Don’t Fly Alone

Do you still have hummingbirds in your lawn? We have one hummingbird and I’m concerned. He (she) comes to the feeder, sits on the swing (yes, Carole bought a hummingbird swing. I made fun of her, but as usual she and the birds were right.) The little bird swings for a bit, looks into the house through the window to see how we are or just to check in, and then feeds before zooming off. The bird follows the same pattern a couple of times an hour.

Has that bird noticed his buddies are gone? I wonder if it looks into the house to ask if it can spend the winter with us? My anxiety rises thinking about that moment when the little bird realizes he didn’t get the departure memo. What went into the decision for him to stay behind? Is he the Rudolf of his herd—they won’t let him join in…?

Does he plan to meet his flock at Joplin on their way to St. Petersburg? I’m also wondering about Wednesday when the temp is supposed to reach a high of 50 that the creature will decide he had better pack. How lonely will he feel when he reaches Keokuk or Columbia, Mo? Will he suffer severe separation anxiety?

Some years ago, I put Carole on a plane in Nashville to send her home to be with her sick mother. As I drove onto I-40 to head for South Carolina, Florida, Georgia, I felt all three words: Severe! Separation! Anxiety! and said out loud, “Dude, you are alone!” I don’t do alone well. A couple of weeks later, I was hurting so bad I went into a Macon, Georgia pet store to borrow a puppy to hold.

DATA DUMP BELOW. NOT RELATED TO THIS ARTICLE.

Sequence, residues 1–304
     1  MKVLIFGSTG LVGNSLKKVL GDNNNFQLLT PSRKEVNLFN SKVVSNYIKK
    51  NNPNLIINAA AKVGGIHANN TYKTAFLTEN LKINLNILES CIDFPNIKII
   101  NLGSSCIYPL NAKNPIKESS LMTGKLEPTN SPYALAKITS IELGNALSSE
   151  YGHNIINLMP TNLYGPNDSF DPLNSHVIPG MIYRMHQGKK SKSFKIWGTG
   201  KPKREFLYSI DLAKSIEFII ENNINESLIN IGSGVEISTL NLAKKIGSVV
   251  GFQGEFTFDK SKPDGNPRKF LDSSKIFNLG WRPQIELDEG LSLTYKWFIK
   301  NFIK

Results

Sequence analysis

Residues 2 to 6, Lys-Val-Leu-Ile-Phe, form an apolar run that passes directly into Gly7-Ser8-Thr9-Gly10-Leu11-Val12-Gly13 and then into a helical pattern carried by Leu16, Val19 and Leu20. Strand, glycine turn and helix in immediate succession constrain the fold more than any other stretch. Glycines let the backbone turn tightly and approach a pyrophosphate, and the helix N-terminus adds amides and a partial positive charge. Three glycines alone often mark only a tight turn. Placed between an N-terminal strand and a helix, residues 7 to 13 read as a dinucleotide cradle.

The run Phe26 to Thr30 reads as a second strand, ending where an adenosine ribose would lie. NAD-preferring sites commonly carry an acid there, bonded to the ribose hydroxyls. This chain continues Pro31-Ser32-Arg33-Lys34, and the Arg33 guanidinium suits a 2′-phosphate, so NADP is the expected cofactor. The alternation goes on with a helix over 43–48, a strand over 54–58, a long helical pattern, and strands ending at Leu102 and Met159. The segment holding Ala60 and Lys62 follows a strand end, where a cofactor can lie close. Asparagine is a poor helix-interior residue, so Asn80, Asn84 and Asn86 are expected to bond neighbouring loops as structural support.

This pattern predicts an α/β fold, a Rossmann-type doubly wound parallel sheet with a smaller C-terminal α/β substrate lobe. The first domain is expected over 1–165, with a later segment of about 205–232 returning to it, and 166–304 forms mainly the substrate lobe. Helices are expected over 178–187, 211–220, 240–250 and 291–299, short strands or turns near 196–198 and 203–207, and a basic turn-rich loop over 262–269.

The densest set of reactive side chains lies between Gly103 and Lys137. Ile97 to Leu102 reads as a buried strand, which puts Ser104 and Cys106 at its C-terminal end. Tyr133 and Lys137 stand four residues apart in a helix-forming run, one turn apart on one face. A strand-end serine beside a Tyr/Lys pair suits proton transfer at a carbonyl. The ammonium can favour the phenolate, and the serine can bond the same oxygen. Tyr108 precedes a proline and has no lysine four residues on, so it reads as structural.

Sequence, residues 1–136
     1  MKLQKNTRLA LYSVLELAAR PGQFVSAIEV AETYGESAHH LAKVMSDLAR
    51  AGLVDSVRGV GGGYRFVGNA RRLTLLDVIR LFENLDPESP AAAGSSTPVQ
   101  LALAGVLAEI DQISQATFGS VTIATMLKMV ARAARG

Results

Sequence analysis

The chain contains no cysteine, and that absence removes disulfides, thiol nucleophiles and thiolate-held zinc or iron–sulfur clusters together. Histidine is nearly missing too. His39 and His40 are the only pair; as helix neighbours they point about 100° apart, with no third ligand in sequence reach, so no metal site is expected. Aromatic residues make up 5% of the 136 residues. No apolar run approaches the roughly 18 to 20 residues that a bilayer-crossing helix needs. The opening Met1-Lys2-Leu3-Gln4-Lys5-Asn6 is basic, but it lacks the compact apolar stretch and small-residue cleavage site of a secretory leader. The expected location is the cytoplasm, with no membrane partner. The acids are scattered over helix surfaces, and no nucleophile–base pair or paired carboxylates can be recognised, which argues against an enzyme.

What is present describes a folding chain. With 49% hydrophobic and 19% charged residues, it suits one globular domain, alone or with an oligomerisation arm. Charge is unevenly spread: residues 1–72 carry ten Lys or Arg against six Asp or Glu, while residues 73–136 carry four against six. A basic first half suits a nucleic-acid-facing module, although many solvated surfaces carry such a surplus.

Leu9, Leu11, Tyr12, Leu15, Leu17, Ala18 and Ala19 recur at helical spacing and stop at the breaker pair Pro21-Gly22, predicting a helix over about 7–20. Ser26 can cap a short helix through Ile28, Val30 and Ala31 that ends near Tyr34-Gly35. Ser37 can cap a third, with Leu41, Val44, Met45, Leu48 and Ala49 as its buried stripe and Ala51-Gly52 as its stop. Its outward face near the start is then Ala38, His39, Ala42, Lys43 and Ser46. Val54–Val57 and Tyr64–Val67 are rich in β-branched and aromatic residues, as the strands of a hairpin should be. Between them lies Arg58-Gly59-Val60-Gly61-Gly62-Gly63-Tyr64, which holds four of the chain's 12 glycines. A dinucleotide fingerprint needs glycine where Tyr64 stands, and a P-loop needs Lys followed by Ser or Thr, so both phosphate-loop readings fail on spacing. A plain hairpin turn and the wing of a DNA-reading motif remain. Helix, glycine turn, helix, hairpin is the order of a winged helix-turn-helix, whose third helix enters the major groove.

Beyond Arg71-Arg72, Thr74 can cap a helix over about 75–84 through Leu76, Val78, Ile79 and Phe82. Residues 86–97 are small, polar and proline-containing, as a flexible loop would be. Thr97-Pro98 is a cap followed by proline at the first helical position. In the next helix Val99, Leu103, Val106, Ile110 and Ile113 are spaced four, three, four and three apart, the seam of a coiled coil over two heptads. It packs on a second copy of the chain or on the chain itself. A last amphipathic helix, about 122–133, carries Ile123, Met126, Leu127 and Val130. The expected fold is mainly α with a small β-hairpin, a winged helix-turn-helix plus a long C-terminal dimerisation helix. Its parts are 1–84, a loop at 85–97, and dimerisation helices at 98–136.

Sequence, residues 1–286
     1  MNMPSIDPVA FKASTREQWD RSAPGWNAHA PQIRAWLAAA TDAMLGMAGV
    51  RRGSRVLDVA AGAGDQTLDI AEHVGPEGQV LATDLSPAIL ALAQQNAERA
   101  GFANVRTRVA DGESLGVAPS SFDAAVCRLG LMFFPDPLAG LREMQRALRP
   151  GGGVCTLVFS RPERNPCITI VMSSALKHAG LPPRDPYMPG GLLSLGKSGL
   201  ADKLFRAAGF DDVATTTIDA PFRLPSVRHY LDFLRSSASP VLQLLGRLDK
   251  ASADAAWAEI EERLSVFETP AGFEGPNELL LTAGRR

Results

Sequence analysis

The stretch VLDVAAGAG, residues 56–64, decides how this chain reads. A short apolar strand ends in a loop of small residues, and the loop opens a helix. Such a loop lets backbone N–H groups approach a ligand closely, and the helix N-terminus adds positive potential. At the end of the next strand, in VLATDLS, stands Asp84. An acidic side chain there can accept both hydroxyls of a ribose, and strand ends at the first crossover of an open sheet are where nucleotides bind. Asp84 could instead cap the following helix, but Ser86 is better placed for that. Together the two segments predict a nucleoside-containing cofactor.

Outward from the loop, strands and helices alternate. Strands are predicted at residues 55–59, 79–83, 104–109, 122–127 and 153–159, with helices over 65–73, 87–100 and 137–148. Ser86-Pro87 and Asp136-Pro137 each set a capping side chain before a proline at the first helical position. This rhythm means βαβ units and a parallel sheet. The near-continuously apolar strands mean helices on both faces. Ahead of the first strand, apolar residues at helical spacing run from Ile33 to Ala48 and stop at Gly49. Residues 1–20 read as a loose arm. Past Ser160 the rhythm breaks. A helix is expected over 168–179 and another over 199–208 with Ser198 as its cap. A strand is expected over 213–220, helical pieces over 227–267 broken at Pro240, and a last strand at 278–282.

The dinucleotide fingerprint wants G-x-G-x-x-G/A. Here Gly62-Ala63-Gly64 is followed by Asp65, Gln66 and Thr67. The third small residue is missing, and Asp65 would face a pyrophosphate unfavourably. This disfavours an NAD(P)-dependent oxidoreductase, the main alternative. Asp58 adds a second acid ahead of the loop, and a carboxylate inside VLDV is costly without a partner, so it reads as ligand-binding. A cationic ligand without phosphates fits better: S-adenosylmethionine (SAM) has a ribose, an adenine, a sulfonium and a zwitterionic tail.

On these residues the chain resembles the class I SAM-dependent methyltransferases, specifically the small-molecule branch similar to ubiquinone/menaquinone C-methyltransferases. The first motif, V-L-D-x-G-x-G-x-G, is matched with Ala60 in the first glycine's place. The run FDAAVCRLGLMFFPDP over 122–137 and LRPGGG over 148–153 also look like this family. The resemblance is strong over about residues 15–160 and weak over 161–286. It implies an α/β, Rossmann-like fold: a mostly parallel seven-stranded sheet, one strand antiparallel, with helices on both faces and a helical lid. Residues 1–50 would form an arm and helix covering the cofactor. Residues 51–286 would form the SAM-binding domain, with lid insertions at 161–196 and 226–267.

I am concerned about that hummingbird. He has become a family member. I’m also concerned about several of my close friends and a few more acquaintances who are alone today. Divorce. Post funeral. Living with the shakes kicking drugs. Abandonment, neglect, rejection, results of wrong choices, no clear pathway to day after tomorrow.

I want you to know—if you can make it to Joplin, I have friends there. There are also places along the way you’ll want to avoid. I know some of those places—don’t do this trip alone.

For 15-20 years, I’ve been building and equipping Southwood—the Community You’ve Always Wanted. Can you make it to Southwood? What is about the place that makes it so attractive? I’ve been thinking this weekend about the folks who live and work there. It is more than what they feel, need or long for. It is what they are becoming and what they do. It is the emotional and spiritual atmosphere—the culture. That is shown by how off-course hummingbirds are received, greeted, fed, encouraged and equipped for the rest of the journey. A 40-year old man said to me, “I need a man to embrace me—like a father does.” The culture is not a feeling.  It  is action!.

These are the essential elements of what makes a cluster of humans a family, or a tribe, a great place to work, church, life-group:

We BELIEVE the best IN each other

WANT (help make it happen) the best FOR each other

EXPECT (demand) the best FROM each other.1

I have been working this weekend defining each of those words.

1 Remarkable! ©2013 Dr. Randy Ross & David Salyers,(Enthusiasm Publishers)

©2016 D. Dean Benton

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